the cardinality of the column group.
Numofdatapoints1 Number of historical values of the
cardinality of the column group to use to
determine the volatility.
Weightspolicy1 The weights policy for the volatility of
the cardinality of the column group.
Pthresh The point skew threshold.
Vthresh2 The volatility threshold for the point
skew.
Vconfthresh2 The confidence of stability threshold of
the point skew.
Numofdatapoints2 Number of historical values of the point
skew to use to determine the volatility.
Weightspolicy2 The weights policy for the volatility of
the point skew for the column group.
Rthresh The threshold for the range skew.
Vthresh3 The volatility threshold for the range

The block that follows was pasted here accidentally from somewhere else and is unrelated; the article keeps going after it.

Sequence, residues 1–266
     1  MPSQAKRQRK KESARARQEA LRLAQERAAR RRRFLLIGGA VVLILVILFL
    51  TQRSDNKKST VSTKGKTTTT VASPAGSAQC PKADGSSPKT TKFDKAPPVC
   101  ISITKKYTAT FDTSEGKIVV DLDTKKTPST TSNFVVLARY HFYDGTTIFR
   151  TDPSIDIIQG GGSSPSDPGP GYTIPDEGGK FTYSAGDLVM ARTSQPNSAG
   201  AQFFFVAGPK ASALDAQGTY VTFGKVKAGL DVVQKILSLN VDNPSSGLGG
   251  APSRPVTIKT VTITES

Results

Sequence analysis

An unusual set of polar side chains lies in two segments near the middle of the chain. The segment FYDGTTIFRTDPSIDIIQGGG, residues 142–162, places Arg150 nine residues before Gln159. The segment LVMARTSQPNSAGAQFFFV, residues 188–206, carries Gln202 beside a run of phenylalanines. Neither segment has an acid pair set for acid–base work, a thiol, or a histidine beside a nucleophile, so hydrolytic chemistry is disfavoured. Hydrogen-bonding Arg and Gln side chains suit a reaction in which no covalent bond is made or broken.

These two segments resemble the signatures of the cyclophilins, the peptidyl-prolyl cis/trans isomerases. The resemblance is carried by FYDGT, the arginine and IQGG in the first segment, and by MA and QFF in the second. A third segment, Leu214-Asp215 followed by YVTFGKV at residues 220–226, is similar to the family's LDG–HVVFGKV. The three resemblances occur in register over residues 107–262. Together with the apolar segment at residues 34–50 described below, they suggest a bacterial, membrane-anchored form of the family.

skew.
Vconfthresh3 The confidence of stability threshold of
the range skew.
Numofdatapoints3 Number of historical values of the range
skew to use to determine the volatility.
Weightspolicy3 The weights policy for volatility of the
range skew.
Vthresh4 The volatility threshold for Hl2key.
Vconfthresh4 The confidence of stability threshold of
hl2key.
Numofdatapoints4 Number of historical values of the
hl2key to use to determine the volatility.
Weightspolicy4 The weights policy for the volatility of
hl2key.
Tthresh A time threshold for updating the
statistics of the column group.
Sizeofrskewset The size of the range skew set to use.

Although the column group configuration table 238 contains a time threshold Tthresh for updating the statistics associated with the column, in some embodiments, a separate time threshold is provided for each individual statistic such as the cardinality, point skew, range skew and hl2key of the column group. In some embodiments, when the column group configuration table 238 is created, predetermined default values are inserted into the column group configuration table 238.